78% of Users Do Not Trust Brands That Have Experienced Data Breaches - What Does That Mean for Businesses?
In May, the news of the Cambridge Analytica scandal that affected millions of Facebook users was still fresh. A nervous Mark Zuckerberg had recently appeared before Congress, and many people were discussing privacy. Ping Identity, an identity security company, decided to see just how concerned users were. They called 3,000 individuals located in the US, the UK, France, and Germany, and asked them how they feel about the state of online privacy in the wake of the series of data leaks and breaches that continue to this day. The answers were interesting.
Just over a fifth of the interviewed had already been affected by a data breach at the time of the survey, and of them, 34% had incurred a financial loss because of the incident. Even people that hadn't been impacted by a data breach were concerned, though.
Nearly half of all participants said that they would steer clear of a service provider that had recently suffered a data breach, and a whopping 78% claimed that they would stop their online engagement with such an organization.
On the face of it, then, it looks like immediately after the Cambridge Analytica scandal, people really were worried about their privacy. That said, 59% of the interviewed said that additional security shouldn't cost them any money, and more than half announced that despite the continuous stream of leaked data, they didn't feel like they should take any steps towards ensuring better protection.
You could argue that the numbers aren't completely accurate. For example, Facebook didn't lose 78% of its active users after data of millions of people ended up in the wrong hands.
We can still draw some conclusions from the people's answers, though. They seem to think that service providers are solely responsible for the security of users' data. Some experts reckon that this is a big problem.
Who is to blame when data gets leaked?
You might think that answering this question is easy enough. Obviously, cybercriminals willingly try to obtain access to information they're not authorized to view, and in doing so, they're committing a crime. Therefore, they should take some of the blame.
Not all of it, though. When we sign up for an online service, we trust that the service provider will take the necessary steps to protect our data. Unfortunately, they often fail to do it, and they shouldn't be let off lightly for it.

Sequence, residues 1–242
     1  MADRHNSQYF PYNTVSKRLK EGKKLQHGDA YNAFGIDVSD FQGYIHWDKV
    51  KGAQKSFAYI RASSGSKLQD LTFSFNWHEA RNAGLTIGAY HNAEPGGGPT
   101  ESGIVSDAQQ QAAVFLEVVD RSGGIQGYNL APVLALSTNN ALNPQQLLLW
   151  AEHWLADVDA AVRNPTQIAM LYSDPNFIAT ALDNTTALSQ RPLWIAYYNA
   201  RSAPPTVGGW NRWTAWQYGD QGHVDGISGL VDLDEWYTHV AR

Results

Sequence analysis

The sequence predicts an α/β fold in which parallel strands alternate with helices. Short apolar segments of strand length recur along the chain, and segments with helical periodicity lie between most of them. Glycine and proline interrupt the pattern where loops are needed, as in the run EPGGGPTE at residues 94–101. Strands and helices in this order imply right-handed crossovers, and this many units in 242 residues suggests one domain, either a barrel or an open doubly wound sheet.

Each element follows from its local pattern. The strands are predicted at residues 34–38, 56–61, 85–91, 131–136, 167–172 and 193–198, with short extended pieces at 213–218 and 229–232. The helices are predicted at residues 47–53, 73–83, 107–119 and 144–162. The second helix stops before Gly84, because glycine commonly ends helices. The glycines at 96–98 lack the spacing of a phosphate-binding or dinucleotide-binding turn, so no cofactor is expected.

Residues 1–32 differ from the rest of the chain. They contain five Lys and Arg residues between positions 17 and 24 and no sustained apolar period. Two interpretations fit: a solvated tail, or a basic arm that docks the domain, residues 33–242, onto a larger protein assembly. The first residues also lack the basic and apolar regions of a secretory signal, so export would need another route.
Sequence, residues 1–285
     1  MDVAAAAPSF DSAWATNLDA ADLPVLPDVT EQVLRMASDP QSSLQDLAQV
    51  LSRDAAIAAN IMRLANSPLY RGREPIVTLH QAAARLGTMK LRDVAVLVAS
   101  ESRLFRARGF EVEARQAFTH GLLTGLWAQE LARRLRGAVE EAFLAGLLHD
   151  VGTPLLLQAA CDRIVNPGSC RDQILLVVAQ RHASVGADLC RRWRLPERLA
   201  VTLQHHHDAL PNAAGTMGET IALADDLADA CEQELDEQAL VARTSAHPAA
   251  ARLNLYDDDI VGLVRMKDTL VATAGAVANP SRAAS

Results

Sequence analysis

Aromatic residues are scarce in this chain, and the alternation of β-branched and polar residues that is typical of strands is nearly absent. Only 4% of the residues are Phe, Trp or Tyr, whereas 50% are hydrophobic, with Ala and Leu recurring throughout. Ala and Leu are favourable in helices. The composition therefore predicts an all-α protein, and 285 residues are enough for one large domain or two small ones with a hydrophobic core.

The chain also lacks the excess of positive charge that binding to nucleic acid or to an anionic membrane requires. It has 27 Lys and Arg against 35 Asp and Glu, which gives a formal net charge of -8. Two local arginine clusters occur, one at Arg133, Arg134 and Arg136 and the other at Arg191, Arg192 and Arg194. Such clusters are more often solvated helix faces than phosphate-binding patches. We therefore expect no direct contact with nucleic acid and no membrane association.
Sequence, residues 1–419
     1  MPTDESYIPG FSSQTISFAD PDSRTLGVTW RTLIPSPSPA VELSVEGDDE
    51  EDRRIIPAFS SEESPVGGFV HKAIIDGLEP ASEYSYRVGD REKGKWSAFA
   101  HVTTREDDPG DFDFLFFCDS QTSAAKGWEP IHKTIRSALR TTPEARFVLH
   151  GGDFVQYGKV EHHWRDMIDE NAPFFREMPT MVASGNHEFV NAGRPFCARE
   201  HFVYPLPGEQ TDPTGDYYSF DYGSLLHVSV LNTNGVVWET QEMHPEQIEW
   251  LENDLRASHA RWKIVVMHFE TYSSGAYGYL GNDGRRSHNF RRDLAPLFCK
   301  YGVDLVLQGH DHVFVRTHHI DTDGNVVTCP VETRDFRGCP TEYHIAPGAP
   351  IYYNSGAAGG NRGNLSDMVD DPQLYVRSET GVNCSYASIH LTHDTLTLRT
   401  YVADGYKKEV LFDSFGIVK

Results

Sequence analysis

In September, for example, data management company Veeam left an unprotected database full of users' personal details exposed to the Internet and was lucky that a security researcher managed to discover it before the bad guys. This sort of blunders shouldn't be overlooked. Whoever is responsible for them should face the consequences, and organizations and employees should learn from other people's mistakes.
If your data gets compromised, you'll likely be angry with the person who stole it as well as with the vendor that was supposed to keep it safe. According to security expert Troy Hunt, however, you should first think about your own actions before putting the blame on someone else's doorstep.
Fingers are sometimes pointed in the wrong direction
Last week, following a heated discussion on Twitter, Hunt decided to write a blog post, explaining why, in some cases, the victims of a data breach are the ones who should be ashamed of themselves the most. His musings were triggered by a couple of recent incidents: the latest HSBC data breach and the money-for-nothing bitcoin scam that saw compromised Twitter profiles sporting a "Verified" badge impersonate Elon Musk.
In both cases, we're talking about account takeovers on a fairly large scale, and although nobody has officially confirmed what happened exactly, the attacks bear all the signs of a credential stuffing campaign. In a credential stuffing attack, crooks take username and password combinations that have been stolen during a data breach of one service provider and try them out at another one. Because people tend to reuse passwords, in many cases, the combinations work.
Without a doubt, password reuse is one of the most common mistakes people make, and there's little vendors can do to stop it. Troy Hunt argues that ultimately, the user is the one that chooses whether or not to reuse the same password on multiple accounts.
What we need to do is tell them that having unique passwords needn't be so difficult when you have tools like our own Cyclonis Password Manager. To learn more about it, click here.